As part of the New York Times’ 1619 Project, examining the history of race and racism since slavery was introduced into British North America four hundred years ago, D’Angelo Lovell Williams argues that race and racism have long torpedoed efforts to implement universal health care in the United States.
According to Williams, federal policy, starting with the end of the Civil War in 1865, was based on the belief that “free assistance of any kind” to newly freed Blacks would “breed dependence and that when it came to black infirmity, hard labor was a better salve than white medicine.”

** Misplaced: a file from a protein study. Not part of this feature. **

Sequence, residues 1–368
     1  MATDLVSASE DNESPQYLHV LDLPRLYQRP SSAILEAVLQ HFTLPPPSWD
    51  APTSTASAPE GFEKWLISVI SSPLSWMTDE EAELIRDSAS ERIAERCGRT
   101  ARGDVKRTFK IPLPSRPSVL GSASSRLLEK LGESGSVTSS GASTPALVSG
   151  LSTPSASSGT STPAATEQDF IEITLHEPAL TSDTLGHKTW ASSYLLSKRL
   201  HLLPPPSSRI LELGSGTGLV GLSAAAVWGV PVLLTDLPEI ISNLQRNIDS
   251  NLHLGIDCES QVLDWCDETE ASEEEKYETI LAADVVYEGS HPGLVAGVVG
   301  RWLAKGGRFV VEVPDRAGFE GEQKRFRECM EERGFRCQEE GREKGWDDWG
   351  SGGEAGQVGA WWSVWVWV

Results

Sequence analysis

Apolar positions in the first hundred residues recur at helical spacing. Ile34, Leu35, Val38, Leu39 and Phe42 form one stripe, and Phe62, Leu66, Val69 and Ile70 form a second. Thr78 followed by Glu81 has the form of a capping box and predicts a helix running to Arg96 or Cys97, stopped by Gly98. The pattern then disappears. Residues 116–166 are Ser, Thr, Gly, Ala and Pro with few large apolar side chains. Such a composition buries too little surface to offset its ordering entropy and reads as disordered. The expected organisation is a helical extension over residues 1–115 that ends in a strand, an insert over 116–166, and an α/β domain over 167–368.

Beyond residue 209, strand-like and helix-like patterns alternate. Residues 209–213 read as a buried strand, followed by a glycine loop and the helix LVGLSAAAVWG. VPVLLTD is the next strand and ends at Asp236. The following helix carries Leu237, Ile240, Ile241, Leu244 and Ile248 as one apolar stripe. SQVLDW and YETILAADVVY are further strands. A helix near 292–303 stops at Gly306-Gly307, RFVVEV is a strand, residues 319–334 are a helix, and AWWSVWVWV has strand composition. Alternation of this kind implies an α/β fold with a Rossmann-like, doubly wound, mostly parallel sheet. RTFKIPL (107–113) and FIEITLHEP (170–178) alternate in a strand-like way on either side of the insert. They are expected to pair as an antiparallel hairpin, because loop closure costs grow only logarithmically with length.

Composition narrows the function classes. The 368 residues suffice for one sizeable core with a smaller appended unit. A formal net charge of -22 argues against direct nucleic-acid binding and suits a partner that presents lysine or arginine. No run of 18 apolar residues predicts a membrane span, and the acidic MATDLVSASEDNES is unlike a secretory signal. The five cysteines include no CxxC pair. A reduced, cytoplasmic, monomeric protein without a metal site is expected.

Those are beliefs echoed in politics and rhetoric today, but one of the worst racists in the United States Congress at that time, whose views shaped post-Civil War policy, was Samuel Sullivan Cox. During the 38th session of Congress, Cox led opposition against the formation of a Freedmen’ Bureau to assist newly emancipated Africans based on his belief that that African race was doomed to extinction by its inherent inferiority and inability to survive outside of bondage. [Read more…] about Racism’s War On Equality Has A Long History